"It's sitting together in front of the same fire whether or not you're touching. Realizing that the sound of their breathing is an adult lullaby. Appreciation in smiles and eyes." None of which are particularly important when it comes to Calvin Rosen, which is why she ends up cutting herself short with a demure, "I am sorry. I asked you to accompany me, not listen to me needlessly wax philosophic. Is there anything you wanted while we're here?"

Doubt has Benji pursing his mouth some, but he's certainly not going to debate love with someone who clearly has it going for them right now. But he smiles at her demuring, and shakes his head. "Not at all. Philosophy is only needless if you major in it." The wicker basket swings a little as he follows her with it, uneasily tightening and loosening his grip as he thinks on the worthiness of whatever is on the tip of his tongue. He takes a breath, and his voice holds doubt when he finally speaks.

"I was going to ask you if Howard could be let off the island, if he wanted. But I have no idea if it's a good idea. I just know it would make him happier. Hm," is a hopelessly affectionate sound, fingers fidgeting with the slightly frayed wooden handle.

It was only a matter of time before one of them asked. Eileen has her answer ready. "I think that would be allowable," she says, "provided you believe he's capable of keeping secrets. He doesn't seem the type, but you know him better than I." At the front counter, the shopkeeper takes a look at the basket and tallies the total not on a machine but on a pad of paper he keeps next to a broken register. Her bluebird steals a glance at the number he circles at the bottom, and Eileen's hand dips into her coat pocket to retrieve the clip of money she keeps there, corners folded in such a way that she can identify the proper amount without having to look.

"If Nora wants to go with him, she's welcome," she adds. "I don't know whether or not there's any chance of having her sight restored. I do, however, know a doctor or two who can provide her better treatment than what's available at the infirmary."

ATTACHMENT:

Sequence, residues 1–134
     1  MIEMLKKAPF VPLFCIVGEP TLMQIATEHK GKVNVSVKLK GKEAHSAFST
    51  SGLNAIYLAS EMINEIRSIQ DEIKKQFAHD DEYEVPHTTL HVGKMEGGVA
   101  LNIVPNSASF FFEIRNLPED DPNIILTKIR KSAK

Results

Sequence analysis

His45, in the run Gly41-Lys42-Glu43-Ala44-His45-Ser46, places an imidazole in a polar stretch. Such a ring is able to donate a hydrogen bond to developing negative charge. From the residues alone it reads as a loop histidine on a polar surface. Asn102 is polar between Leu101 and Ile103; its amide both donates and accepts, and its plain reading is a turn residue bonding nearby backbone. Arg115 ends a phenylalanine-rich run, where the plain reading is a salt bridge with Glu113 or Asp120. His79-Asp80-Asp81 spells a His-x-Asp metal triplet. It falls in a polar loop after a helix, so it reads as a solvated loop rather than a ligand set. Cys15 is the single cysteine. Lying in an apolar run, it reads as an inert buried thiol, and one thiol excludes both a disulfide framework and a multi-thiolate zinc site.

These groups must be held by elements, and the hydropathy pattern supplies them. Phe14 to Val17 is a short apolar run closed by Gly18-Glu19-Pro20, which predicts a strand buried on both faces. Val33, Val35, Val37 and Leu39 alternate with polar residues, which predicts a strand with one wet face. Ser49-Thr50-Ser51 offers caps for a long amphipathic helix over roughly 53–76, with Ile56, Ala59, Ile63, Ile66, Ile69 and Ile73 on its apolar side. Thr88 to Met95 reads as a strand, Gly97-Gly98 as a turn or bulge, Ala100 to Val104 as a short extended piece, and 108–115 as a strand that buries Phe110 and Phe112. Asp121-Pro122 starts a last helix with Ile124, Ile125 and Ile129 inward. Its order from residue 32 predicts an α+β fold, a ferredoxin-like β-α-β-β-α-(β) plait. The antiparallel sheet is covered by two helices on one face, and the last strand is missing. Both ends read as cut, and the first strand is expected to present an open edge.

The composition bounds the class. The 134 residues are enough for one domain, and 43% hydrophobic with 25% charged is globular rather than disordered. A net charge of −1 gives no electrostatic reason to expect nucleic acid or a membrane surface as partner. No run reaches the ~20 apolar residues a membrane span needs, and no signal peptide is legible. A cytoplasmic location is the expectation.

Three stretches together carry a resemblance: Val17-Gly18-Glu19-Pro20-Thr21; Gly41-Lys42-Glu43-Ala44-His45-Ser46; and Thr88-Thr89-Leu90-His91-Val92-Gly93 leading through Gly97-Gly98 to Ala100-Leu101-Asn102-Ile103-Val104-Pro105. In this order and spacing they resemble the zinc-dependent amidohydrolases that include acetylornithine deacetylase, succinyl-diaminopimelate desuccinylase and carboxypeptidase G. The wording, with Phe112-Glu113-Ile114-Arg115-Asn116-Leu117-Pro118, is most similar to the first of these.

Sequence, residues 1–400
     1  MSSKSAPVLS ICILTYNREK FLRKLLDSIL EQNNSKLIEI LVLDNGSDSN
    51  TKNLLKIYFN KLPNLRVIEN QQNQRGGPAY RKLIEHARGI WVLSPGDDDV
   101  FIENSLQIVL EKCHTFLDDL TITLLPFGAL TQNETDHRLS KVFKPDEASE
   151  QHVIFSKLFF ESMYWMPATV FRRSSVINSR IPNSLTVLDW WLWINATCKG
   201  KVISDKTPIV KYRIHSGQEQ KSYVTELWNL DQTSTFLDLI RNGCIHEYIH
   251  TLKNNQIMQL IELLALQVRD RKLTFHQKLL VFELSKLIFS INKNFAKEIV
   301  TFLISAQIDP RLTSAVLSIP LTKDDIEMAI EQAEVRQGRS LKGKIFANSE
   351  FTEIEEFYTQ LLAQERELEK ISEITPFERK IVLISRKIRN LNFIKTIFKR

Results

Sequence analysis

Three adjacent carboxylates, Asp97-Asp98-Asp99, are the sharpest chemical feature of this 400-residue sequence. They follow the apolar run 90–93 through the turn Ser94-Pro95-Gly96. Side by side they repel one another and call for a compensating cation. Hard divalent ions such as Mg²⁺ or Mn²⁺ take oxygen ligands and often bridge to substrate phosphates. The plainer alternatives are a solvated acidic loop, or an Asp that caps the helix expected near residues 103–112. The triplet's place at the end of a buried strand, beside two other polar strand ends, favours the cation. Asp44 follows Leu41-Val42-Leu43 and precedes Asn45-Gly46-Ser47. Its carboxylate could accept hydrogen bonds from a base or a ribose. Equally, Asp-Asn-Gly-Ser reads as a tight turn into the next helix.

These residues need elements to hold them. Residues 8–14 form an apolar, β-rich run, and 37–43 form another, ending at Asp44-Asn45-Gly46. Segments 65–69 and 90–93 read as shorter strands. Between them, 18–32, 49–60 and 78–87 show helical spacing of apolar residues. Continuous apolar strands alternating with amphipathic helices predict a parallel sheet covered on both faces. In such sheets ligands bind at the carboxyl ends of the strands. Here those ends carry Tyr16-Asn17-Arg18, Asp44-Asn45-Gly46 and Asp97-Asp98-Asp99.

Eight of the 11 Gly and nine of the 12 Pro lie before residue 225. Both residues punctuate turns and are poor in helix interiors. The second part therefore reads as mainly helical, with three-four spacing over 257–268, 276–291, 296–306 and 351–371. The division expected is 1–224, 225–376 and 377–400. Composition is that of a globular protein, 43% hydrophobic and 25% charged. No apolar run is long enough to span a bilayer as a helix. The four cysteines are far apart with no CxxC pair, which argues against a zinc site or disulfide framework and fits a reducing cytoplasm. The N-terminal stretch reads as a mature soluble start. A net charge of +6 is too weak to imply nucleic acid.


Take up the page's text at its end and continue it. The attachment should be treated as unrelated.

Wicker basket out of his hands now, Benji steps back enough to allow Eileen to finish the transaction and then take her purchases herself — they are, after all, separating ways in not too long, so that she may see her friends, and he may see his. "Eventually, he's going to have to leave the island. Whether it's tomorrow, or a month away, or six months." A beat, and then: "He didn't take the news we received about Calvin as patiently as some. I had to tell him no."

And this was, apparently, very unpleasant.

"And he listened, but I— hate it. I'd like him to have the option, now that everything's okay again. As okay as it can be, anyway. He— " And Benji abruptly stops talking, as if catching himself opening up to the strange woman he came here with, mouth shutting almost audibly. "Thank you. I'll talk to him. And Nora. I'd like to remain."

Change tinkles in Eileen's gloved hand, and she slips the coins along with the clip containing her remaining money back into her coat pocket. The bluebird is studying Benji now rather than the basket even as she's taking it back and placing a scarf down that had been lining its bottom on top of her purchases, presumably to protect them from the snow. She'll pick up a paper bag for them before she visits Delia.

"I'm glad," she confides in a tone that suggests by saying this he may have passed some sort of test, but before she lets him go she decides to ask: "One last thing?"

Even under the beady scrutiny of a bluebird, colour rises up along Benji's throat, detouring to his ears before pooling blood beneath his skin pushes blush beneath his freckles, having begun at a mid-point during his last piece of dialogue. His hands fidget with his own scarf, in preparation for going into the exposed street and the snow that comes down in light flakes, to dot in black hair and sting overwarmed skin.


Eileen busies her hands with tucking the edges of the scarf into the sides of the basket. It isn't until the man behind the counter has wandered into the back room where the sounds of a football game can be heard drifting out from beneath the door that she lifts it by the handle and addresses Benji again, this time without turning to face him. "You wouldn't happen to know anyone who can see into the future, would you?"

"No." The delivery sounds honest and crisp, no weighty hesitations, no telling stammers. There is a frission of puzzlement, but Benji doesn't chase down why she's asking either, allowing for weird questions — these are, after all, weird times. He glances off towards the shopkeeper's retreat, once more towards the rubbled terrain of harvest vegetables and winter fruits, before he makes for out, with the expectation that Eileen is following.

She does. Follow. What she doesn't do is ask him if he's sure. She says instead, "There must have been some sort of miscommunication," and leaves it at that. The door swings shut behind them with a muted jangle of brass bells above it on the other side of the glass.

"I won't see you back at the boat," serves as her good bye, "but I will again the next time I visit Bannerman's. Keep safe, Benjamin."

Benji doesn't have much to say in response to that first part. Yes. There must have been. And he's only looking at her again as she makes her goodbyes, subtle surprise in the tilt of his head by no argument. He tucks his hands into his coat pockets, swallows, and nods. "Have a good day, Miss Ruskin." He waits a second, and then, with a small amount of warm humour, "It's 'Benji'."

And he flows back a step, twists in a half pirouette, and pushes off down the street in a kind of definite direction.